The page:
Wednesday, May 6, 2009
Last night, I did something I haven't done in a while: I read for pleasure. And, no, it wasn't a juicy novel or a trashy magazine or a blogger's guide. It was Little Sister's college paper. Wherein she explored Darwin's attitudes on slavery and abolition. And it was good. And she is a smarty pants. And reading the paper made me homesick for feverish intellectual debate and discovery. And oddly, I even found myself missing footnotes.
So, since the babes were napping and I was craving a bit of intellectual back-and-forth, I just stopped by one of my favorite cyberspace haunts - NYT's Motherlode - and jumped into the latest debate/discussion. Today, Belkin, eloquent and straightforward as ever, raises a perennial and perennially provocative question: do we women pay a calculable economic price for becoming mothers? And, to the extent that we do, is this society's problem or ultimately a matter of personal choice?
As you can imagine, things got feisty. And fast.
And as I read all of the comments, I felt my pulse quicken, and the ideas multiplying. I got that old school adrenaline rush that I used to enjoy when riled up in a Yale seminar when I would shoot a sweaty palm up in the air and wait my turn. And though there was no prof there to call on me, I made my comment. I talked about something the other kids in the class seemed to be ignoring (and now that I think about it that something was a bit off topic, but oh well): biology. That, like it or not, men and women are biologically different and that while these differences certainly do not justify the inequities inherent in this modern world, they at least inform them. That we are so quick to point fingers at men and each other and economic systems, but that perhaps it would behoove us to look at our biological roots too.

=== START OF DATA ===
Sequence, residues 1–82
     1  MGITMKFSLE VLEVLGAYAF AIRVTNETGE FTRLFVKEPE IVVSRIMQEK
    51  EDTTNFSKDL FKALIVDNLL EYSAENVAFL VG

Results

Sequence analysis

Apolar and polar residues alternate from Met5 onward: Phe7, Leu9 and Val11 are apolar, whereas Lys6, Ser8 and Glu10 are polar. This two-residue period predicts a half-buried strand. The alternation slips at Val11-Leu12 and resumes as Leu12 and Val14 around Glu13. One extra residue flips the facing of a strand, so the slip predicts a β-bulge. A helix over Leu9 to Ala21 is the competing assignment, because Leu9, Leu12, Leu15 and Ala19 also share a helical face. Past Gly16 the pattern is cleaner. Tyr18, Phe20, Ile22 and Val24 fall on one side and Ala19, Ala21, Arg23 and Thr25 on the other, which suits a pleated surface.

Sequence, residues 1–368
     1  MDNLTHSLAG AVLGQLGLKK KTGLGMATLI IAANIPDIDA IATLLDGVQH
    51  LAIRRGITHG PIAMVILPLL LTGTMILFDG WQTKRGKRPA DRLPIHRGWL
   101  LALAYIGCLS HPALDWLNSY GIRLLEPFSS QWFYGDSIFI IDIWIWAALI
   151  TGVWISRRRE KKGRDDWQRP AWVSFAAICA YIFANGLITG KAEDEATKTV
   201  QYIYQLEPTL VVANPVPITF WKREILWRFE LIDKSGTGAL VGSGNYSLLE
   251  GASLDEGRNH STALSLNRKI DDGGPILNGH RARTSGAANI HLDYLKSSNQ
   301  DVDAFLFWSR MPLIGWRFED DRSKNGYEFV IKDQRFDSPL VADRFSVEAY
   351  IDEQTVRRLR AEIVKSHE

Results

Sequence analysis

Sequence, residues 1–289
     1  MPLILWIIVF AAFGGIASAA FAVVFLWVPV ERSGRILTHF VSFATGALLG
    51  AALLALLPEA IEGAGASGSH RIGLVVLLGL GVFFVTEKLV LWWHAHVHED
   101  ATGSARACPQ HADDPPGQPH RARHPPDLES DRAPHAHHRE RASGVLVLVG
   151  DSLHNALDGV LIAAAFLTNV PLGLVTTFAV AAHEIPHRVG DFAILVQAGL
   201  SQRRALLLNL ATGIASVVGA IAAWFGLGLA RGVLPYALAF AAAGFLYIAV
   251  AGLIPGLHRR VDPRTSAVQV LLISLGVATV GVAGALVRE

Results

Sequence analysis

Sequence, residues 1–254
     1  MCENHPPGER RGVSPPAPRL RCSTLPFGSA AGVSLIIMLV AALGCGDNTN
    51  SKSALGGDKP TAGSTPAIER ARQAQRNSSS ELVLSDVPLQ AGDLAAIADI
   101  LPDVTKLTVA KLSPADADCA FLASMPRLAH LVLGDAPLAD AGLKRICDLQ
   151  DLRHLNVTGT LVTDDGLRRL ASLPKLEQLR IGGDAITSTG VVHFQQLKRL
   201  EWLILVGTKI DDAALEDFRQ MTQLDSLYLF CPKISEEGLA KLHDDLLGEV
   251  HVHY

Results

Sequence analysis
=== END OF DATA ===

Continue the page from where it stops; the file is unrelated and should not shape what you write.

Anyway, I think my brilliant sister and her well-crafted paper got me thinking. About big ideas. About Darwin. About the fact that I can be both a harried/happy mother and a student of life. About the unrivaled joys of impassioned democratic debate. About the limitless and lingering questions we must continue to ask ourselves and each other.
A few of these questions:
Do you feel like you have paid a price (economic and other) by becoming a mother?
Do you think that anything can be done to level that proverbial playing field? To ensure that men and women reap equal economic rewards for their work? Or is this a pipe dream?
Do you think the gender debate has gotten so loud that it is falling on deaf ears these days?
Do you sometimes want to go back to college like I do?